A special effort was accordingly made to penetrate deeply into the interior of the two largest Islands where the inhabitants were living quite remote from the sea, with the hope that groups of individuals would be found living solely on a vegetarian diet. Not only were no individuals or groups found, even in the interior, who were not frequently receiving shell fish from the sea, but I was informed that they recognized that they could not live over three months in good health without getting something from the sea. A native interpreter informed me that this had been one of the principal causes of bitter warfare between the hill tribes and coast tribes of that and all of the Pacific Islands, since the hill people could not exist without some sea foods to supplement their abundant and rich vegetable diet of the mountain country.

He informed me also that even during the periods of bitter warfare the people from the mountain district would come down to the sea during the night and place in caches delicious plants which grew only at the higher altitudes. They would return the following night to obtain the sea foods that were placed in the same caches by the people from the sea. He stated that even during warfare these messengers would not be captured or disturbed.

This guide and many others explained to me that cannibalism had its origin in the recognition by the hill people that the livers and other organs of their enemies from the coast provided the much needed chemicals which were requisite to supplement the plant foods. Several highly informed sons of cannibals and a few who acknowledged that they had eaten “long pig” advised me that it was common knowledge that the people who had lived by the sea and who had been able to obtain lots of sea foods, particularly the fishermen, were especially sought for staying a famine. One native told me of having left an Island where he was engaged in fishing because of a tip that came to him that his life was in danger because of his occupation.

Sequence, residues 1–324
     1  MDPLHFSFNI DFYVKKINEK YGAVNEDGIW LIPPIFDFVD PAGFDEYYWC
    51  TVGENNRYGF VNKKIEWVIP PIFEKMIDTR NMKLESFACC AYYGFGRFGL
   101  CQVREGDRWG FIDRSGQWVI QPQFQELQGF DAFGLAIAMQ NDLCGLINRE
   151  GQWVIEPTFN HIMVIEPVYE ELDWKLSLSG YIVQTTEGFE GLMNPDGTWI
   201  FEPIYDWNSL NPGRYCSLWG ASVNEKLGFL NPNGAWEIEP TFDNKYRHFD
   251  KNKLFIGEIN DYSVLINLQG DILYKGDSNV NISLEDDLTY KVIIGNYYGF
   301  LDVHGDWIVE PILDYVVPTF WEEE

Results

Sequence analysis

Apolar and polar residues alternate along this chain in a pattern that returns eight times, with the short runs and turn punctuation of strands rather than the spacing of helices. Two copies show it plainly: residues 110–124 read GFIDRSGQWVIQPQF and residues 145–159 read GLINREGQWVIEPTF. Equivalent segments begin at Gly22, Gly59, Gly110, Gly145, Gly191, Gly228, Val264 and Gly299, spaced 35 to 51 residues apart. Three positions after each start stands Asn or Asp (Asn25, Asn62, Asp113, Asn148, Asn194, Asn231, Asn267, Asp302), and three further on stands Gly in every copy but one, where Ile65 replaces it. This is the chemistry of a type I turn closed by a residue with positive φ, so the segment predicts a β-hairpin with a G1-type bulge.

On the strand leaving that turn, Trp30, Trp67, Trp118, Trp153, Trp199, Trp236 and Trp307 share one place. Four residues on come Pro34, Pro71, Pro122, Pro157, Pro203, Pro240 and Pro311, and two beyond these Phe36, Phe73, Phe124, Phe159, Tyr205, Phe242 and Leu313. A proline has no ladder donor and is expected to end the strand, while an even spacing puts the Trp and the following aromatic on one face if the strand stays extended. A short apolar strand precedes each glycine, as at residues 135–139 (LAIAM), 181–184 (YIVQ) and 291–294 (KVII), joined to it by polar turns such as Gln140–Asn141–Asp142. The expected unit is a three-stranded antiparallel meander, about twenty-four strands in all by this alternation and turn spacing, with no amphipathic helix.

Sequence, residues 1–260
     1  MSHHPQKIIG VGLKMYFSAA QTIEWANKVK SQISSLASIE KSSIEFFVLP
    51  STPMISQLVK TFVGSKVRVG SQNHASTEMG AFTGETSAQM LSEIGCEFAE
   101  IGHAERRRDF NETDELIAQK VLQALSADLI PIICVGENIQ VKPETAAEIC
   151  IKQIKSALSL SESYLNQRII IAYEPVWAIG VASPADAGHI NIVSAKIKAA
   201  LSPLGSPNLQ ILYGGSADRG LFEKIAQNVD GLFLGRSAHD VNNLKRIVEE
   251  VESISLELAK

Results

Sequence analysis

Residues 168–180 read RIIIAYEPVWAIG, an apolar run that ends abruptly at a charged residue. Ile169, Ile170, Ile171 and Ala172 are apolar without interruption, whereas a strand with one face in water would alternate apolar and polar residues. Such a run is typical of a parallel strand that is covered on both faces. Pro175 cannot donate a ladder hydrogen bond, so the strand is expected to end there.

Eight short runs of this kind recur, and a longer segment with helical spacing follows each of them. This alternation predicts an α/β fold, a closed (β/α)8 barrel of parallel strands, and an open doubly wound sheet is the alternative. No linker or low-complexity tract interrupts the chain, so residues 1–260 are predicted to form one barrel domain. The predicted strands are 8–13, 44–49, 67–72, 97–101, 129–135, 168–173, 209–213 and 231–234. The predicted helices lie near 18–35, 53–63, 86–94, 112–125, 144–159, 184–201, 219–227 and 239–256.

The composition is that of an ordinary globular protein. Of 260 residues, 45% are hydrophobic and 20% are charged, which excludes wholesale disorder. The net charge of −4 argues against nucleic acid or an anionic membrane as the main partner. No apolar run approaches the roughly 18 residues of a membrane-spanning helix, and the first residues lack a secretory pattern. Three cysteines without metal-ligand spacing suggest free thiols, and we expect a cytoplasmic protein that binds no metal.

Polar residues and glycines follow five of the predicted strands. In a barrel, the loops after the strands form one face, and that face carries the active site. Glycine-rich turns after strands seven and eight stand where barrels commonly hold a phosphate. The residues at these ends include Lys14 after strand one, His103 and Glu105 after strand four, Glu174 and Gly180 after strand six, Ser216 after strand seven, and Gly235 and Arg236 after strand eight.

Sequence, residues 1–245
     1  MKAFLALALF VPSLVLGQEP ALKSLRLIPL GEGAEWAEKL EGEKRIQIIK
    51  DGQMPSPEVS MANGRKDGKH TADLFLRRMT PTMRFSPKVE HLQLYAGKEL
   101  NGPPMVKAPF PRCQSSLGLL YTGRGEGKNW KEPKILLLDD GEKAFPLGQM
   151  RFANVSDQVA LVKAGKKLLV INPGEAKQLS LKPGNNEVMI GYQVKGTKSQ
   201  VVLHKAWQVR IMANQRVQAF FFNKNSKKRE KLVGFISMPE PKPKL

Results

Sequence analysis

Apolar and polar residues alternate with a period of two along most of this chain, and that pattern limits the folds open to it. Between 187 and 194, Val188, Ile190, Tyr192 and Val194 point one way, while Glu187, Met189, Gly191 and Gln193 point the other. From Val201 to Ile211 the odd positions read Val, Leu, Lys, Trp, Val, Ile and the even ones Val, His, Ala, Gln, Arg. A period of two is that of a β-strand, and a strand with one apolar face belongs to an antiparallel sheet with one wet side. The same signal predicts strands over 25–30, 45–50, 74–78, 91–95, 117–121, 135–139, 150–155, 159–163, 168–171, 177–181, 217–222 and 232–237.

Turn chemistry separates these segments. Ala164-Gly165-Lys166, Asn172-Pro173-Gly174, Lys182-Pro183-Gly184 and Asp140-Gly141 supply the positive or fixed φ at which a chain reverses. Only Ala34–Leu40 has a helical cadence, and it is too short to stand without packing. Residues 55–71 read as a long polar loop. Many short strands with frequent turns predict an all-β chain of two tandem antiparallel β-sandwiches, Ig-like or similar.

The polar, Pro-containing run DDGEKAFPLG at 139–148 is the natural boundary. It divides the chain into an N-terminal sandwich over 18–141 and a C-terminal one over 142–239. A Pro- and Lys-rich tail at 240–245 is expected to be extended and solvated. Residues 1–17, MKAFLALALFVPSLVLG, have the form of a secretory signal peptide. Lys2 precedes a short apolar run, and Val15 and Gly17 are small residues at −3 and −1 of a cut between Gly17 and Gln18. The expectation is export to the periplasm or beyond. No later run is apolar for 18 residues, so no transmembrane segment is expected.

Weston Price Looked for Vegans But Found Only Cannibals
by Christopher Masterjohn

This experience is, in part, a testament to the extraordinary nutrition packed into shellfish.  Melissa McEwen recently wrote about this in her post “Being Shellfish,” where she noted that some shellfish are not only more nutritious than meat, but exhibit such a dearth of evidence for sentience and the capacity for suffering that some otherwise-vegans argue that eating shellfish is consistent with the basic ethics of veganism. […]

Ultimately, what this story makes especially clear is that there is an enormous difference between a small amount of animal products and no animal products.  Being “mostly vegan” is like being “a little pregnant.”  As I pointed out in my response to Dr. T. Colin Campbell and my review of Dr. Joel Fuhrman’s Eat to Live, animal products that constitute two percent or ten percent of a person’s diet may make or break the healthfulness of the diet, especially if that small percentage is something incredibly nutrient-dense like clams or oysters.

If someone achieves vibrant health on a vegan diet, I will be happy for them.  We should face the facts, however, that humans with limited access to animal products have often gone to great lengths to include at least some animal products in their diet.  And they’ve done that for a reason.